Modelling Expressive Performance: a Regression Tree Approach Based on Strongly Typed Genetic Programming
Amaury Hazan, Rafael Ramirez, Esteban Maestre, Alfonso Perez, Antonio Pertusa

This paper presents a novel Strongly-Typed Genetic Programming approach for building Regression Trees in order to model expressive music performance. The approach consists of inducing a Regression Tree model from training data (monophonic recordings of Jazz standards) for transforming an inexpressive melody into an expressive one. The work presented in this paper is an extension of \cite{MTGRami2005:EVO}, where we induced general expressive performance rules explaining part of the training examples. Here, the emphasis is on inducing a {\it generative} model (i.e. a model capable of generating expressive performances) which covers all the training examples. We present our evolutionary approach for a one-dimensional regression task: the performed note duration ratio prediction. We then show the encouraging results of experiments with Jazz musical material, and sketch the milestones which will enable the system to generate expressive music performance in a broader sense.

MovieGene: Evolutionary Video Production based on Genetic Algorithms and Cinematic Properties
Nuno Henriques, Nuno Correia, Jˆonatas Manzolli, Lu´ýs Correia, Teresa Chambel

We propose a new multimedia authoring paradigm based on evolutionary computation, video annotation, and cinematic rules. New clips are produced in an evolving population through genetic transformations influenced by user choices, and regulated by cinematic techniques like montage and video editing. The evolutionary mechanisms, through the fitness function will condition how video sequences are retrieved and assembled, based on the video annotations. The system uses several descriptors, as genetic information, coded in an XML document following the MPEG-7 standard. With evolving video, the clips can be explored and discovered through emergent narratives and aesthetics in ways that inspire creativity and learning about the topics that are presented.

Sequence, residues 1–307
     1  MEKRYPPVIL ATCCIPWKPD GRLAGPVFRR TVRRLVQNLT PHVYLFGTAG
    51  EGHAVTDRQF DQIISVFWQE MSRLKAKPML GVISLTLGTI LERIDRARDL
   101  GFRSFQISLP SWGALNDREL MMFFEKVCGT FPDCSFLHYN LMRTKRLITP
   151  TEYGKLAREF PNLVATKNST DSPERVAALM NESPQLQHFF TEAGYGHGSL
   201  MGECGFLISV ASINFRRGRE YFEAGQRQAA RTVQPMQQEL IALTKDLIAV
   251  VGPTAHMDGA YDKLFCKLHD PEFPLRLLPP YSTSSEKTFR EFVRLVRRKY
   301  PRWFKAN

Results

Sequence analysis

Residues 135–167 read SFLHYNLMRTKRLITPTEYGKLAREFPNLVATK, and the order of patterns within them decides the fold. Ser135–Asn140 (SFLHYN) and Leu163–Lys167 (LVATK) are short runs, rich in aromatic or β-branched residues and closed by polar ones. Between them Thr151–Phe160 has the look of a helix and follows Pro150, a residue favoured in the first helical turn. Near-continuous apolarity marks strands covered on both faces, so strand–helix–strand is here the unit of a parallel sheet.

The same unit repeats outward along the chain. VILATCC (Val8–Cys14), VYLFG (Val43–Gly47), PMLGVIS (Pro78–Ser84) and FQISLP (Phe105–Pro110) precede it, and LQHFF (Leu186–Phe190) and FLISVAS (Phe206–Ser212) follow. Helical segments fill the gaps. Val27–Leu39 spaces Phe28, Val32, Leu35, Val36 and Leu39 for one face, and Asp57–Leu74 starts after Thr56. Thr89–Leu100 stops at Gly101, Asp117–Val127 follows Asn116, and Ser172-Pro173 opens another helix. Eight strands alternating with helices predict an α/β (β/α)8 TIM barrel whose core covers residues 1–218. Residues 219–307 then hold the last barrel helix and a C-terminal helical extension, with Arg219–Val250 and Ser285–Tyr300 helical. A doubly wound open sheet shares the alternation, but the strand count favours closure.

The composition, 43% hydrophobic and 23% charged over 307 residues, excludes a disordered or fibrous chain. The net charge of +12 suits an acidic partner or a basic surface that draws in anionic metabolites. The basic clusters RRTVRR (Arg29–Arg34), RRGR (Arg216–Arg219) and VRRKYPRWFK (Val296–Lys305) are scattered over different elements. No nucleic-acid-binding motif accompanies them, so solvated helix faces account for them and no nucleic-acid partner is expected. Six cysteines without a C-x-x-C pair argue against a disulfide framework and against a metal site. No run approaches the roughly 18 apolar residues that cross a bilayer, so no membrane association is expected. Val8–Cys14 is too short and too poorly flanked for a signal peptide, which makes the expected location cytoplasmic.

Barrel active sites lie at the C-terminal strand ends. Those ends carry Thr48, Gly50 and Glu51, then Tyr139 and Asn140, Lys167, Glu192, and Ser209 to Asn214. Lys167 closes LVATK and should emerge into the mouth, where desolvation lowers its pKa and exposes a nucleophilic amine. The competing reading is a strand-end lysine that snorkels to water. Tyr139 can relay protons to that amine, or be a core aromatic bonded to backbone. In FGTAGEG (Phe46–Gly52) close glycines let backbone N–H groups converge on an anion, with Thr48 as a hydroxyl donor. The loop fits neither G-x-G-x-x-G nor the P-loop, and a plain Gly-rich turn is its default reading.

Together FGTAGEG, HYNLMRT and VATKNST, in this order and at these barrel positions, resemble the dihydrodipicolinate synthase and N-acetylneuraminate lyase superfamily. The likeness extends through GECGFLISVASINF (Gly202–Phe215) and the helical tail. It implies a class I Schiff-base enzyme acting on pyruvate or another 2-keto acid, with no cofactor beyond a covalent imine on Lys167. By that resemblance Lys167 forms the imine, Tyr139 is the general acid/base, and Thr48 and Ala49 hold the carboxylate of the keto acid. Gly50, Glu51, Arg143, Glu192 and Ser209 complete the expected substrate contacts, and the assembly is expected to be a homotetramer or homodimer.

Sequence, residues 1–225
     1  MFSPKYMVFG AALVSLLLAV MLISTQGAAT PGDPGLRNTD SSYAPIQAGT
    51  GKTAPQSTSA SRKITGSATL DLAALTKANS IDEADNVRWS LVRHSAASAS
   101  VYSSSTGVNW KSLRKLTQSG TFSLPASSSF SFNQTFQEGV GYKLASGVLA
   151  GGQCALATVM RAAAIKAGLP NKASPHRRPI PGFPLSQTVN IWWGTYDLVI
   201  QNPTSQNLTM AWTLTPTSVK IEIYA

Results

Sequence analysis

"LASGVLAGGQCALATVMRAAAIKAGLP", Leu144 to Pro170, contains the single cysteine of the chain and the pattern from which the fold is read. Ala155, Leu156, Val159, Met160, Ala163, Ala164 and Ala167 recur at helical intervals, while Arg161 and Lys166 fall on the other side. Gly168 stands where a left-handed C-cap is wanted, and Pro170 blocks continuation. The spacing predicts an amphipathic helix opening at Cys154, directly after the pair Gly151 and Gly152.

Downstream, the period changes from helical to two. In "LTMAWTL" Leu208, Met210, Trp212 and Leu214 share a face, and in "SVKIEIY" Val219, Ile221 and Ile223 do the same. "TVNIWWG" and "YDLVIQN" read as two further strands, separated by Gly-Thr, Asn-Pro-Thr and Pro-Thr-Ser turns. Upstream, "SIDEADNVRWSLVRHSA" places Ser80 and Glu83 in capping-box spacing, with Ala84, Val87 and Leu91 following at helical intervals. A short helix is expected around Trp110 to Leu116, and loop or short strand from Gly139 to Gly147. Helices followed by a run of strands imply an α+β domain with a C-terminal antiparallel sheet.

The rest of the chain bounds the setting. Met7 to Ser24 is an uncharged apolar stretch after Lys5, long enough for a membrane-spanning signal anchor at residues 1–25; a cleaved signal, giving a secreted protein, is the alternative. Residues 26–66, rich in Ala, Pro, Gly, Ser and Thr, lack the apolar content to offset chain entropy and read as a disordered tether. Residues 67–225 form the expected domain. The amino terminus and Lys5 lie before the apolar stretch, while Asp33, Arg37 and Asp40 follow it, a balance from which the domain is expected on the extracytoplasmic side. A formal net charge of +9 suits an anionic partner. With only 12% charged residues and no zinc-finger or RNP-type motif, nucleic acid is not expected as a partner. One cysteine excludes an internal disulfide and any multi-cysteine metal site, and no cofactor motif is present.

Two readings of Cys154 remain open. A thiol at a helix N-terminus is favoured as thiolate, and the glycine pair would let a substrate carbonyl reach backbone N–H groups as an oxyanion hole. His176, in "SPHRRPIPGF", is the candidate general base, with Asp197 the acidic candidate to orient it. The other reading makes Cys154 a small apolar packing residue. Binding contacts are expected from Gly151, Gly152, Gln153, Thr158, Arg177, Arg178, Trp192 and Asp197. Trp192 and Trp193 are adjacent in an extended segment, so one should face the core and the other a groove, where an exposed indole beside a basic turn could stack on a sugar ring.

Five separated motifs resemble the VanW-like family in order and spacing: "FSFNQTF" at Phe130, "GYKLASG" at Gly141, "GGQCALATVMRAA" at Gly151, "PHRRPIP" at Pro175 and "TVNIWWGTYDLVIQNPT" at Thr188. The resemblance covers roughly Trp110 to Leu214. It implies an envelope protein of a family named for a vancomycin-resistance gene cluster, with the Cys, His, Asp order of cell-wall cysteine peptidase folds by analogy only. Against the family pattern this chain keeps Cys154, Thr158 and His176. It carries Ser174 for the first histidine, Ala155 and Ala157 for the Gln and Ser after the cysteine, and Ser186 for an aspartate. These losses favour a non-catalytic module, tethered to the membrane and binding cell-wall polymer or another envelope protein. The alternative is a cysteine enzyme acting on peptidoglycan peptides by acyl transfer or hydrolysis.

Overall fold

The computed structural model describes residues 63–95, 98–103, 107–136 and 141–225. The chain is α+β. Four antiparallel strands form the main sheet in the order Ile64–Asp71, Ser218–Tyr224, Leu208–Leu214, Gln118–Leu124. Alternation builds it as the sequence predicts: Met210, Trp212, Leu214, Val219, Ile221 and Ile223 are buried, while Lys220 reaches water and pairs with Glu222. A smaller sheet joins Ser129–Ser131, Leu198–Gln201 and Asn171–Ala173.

Audible convergence for optimal base melody extension with statistical genre-specific interval distance evaluation
Ronald Hochreiter

In this paper, an evolutionary algorithm is used to calculate optimal extensions of a base melody line by statistical interval-distance minimization. Applying an evolutionary algorithm for solving such an optimization problem reveals the effect of audible convergence, when iterations of the optimization process, which represent sub-optimal melody lines, are combined to a musical piece. An example is provided to evaluate the algorithm, and to point out differences, when different musical genres, represented by different interval distance classification schemes, are applied.

A Two-Stage Autonomous Evolutionary Music Composer
Yaser Khalifa, Robert Foster